Taoiseach makes first general election campaign pitch in New Year video
Varadkar and Coveney promise ‘record high’ employment and 11,000 social housing units
Taoiseach Leo Varadkar promised to help deliver 50,000 new jobs and 25,000 new homes in the State this year. File photograph: Cyril Byrne/The Irish Times
Taoiseach Leo Varadkar has made a first general election campaign pitch by promising to help deliver 50,000 new jobs and provide 25,000 new homes in the State this year.
In a New Year video, Mr Varadkar and Tánaiste Simon Coveney list Fine Gael priorities for the coming year.
Mr Varadkar says he will steer Ireland through the next phase of Brexit by helping to secure a trade deal between the European Union and the UK; he also vows to give Irish businesses and farmers access to the British market; and promises to “achieve a new record high when it comes to employment”.
“We know that well-paid secure jobs are the best ways to improve living standards, create opportunity, and reduce poverty,” he says.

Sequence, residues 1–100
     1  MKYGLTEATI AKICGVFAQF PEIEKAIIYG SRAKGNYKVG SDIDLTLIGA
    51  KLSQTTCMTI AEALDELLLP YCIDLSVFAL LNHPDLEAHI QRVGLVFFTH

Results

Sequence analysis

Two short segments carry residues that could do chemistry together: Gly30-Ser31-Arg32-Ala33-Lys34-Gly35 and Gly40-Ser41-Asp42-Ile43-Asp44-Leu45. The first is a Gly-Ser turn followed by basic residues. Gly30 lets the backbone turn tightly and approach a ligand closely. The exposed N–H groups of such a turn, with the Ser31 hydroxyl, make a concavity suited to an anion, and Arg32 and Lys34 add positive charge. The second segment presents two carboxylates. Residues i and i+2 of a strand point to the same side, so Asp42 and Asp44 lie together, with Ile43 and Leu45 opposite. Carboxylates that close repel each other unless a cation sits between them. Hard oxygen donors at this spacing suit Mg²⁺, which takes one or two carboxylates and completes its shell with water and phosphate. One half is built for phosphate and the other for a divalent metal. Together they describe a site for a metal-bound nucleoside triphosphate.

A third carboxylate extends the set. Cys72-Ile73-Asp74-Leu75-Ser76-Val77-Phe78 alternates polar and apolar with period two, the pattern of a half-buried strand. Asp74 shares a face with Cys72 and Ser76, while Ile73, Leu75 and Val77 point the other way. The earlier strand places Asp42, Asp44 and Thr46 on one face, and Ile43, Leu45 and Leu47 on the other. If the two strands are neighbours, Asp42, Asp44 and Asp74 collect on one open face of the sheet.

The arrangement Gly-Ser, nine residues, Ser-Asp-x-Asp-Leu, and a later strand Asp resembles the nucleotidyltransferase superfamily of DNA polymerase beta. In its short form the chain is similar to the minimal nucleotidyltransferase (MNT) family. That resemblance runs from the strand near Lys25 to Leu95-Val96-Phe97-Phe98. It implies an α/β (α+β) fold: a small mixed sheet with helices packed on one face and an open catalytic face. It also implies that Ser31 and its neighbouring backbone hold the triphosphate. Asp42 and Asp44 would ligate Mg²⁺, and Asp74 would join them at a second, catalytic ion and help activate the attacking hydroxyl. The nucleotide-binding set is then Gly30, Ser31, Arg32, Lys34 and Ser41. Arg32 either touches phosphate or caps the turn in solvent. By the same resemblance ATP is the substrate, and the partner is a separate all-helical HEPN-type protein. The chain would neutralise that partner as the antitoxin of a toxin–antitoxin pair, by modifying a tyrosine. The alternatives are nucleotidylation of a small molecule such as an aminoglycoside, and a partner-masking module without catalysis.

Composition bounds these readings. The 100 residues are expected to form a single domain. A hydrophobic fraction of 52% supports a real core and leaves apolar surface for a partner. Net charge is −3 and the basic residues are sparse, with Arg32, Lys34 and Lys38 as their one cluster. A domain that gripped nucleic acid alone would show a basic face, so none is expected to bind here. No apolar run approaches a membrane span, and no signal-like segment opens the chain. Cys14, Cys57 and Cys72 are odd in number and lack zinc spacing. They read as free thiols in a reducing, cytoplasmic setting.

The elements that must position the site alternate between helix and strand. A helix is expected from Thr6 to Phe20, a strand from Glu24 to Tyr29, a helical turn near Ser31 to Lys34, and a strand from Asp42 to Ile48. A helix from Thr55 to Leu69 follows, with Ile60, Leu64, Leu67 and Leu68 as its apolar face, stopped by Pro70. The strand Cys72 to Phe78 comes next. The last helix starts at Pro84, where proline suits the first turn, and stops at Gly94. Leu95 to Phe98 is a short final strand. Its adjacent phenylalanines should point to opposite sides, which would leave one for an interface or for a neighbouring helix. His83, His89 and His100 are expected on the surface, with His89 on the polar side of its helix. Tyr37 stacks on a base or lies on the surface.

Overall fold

The Taoiseach also claims the Government will add 11,000 units to the social housing stock. “That’s more new social houses than any other year this century under any other party,” he says.
The Taoiseach’s messages also alludes to climate change, with promises to reduce greenhouse emissions by creating warmer homes, improving air quality and investing in public transport.
The video is the second such broadcast made by the Taoiseach in recent days. On St Stephen’s Day, he described his achievements since assuming office 2½ years ago.
It is one of a number of social media broadcasts and publications recently issued by Fine Gael, suggesting the party is upping the ante ahead of a general election, which is widely expected to take place in the spring.
Minister for Climate Action Richard Bruton has also announced a raft of initiatives on waste, packaging and climate change in recent days.
Climate change and the “green agenda” are expected to be major themes of the election campaign. Fine Gael, in particular, may be vulnerable to rising support for the Green Party in affluent urban areas, after that party’s strong performance in the local and European elections and November’s byelections.